via Agence France Presse

DILI, East Timor, May 10 (AFP) - Bitterness ran deep here Monday as pro-Indonesian militia rampaged through areas of Dili, attacking pro-independentists for the second straight day.

"Who can we complain to?" Father Barreto, a priest who runs the local Caritas charity asked as the known death toll rose to two and rumors said six were dead.

Barreto spoke at the Motael church clinic where one man lay dead, a bullet in his back, another in the chest and his head split open by a machete.

A second screaming man was brought in by ambulance from the Santa Cruz area on the outskirts of the East Timor capital, the scene of the notorious 1991 Santa Cruz cemetery massacre.

Truckloads of militia had headed in that direction earlier, unchecked by military and police in their barracks as they raced past.

"We complain to the United Nations, they say 'We believe the Indonesians,'" he said, refering to Indonesian promises of a neutral police and armed forces in the run-up to a vote on self-determination on August 8.

"The Australian government too. I said the same thing to (Australian Foreign Minister Alexander) Downer. He too said 'We believe the Indonesians.'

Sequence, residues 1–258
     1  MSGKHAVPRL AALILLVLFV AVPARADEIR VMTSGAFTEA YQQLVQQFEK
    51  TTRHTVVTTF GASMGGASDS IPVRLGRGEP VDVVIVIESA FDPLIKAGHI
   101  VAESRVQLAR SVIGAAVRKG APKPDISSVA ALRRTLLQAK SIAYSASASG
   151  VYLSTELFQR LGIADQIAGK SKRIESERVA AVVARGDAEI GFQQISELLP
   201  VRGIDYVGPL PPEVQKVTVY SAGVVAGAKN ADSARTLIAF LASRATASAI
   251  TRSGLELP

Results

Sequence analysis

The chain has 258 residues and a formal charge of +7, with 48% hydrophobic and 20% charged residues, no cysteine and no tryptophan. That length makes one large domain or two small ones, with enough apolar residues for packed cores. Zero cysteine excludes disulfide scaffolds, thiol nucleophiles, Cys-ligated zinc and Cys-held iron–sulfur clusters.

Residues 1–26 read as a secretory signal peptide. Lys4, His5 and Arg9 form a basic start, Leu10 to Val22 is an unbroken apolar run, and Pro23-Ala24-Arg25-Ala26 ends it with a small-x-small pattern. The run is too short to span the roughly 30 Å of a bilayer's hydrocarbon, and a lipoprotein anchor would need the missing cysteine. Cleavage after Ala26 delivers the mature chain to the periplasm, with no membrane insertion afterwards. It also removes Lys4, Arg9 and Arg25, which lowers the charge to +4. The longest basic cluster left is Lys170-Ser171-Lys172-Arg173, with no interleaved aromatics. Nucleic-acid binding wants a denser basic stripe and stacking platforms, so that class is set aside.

"I am not a politician but a priest, but I say the reality," Father Baretto said, as he recounted how the militia had opened fire near the university.

"The soldiers were behind them," he said simply. "Do you believe a man who says he will protect his enemy?"

The two days of militia rampages in the streets followed the signing last week of an accord between Indonesia, which invaded East Timor in 1975, and Portugal, the territory's old colonial master, which would provide for a referendum on August 8.

A clause in the agreement says that the polling of the territory's 800,000 people will be held if the security situation permits.

The last peace talks under church auspices between the two sides were broken off by Nobel prize winning bishop of Dili, Carlos Ximenes Belo, following the massacre of at least 25 unarmed refugees in a churchyard in the town of Liquisa.

Two weeks later the militia again went on the rampage in Dili, killing at least 21 people as the police and military looked on.

And again on Monday, journalists saw troops standing by in their barracks, and even some troops following the militia.

Hours before dusk fell in Dili, another Caritas priest had a panic call from his house where his sister and her family are staying.

Father Alvez was told by his sister that the militia had rampaged through his house looking for her husband who was not home. They would, they said, return at dusk and kill the whole family if the husband had not shown up by then.

There were no UN civilian police to go to the rescue.


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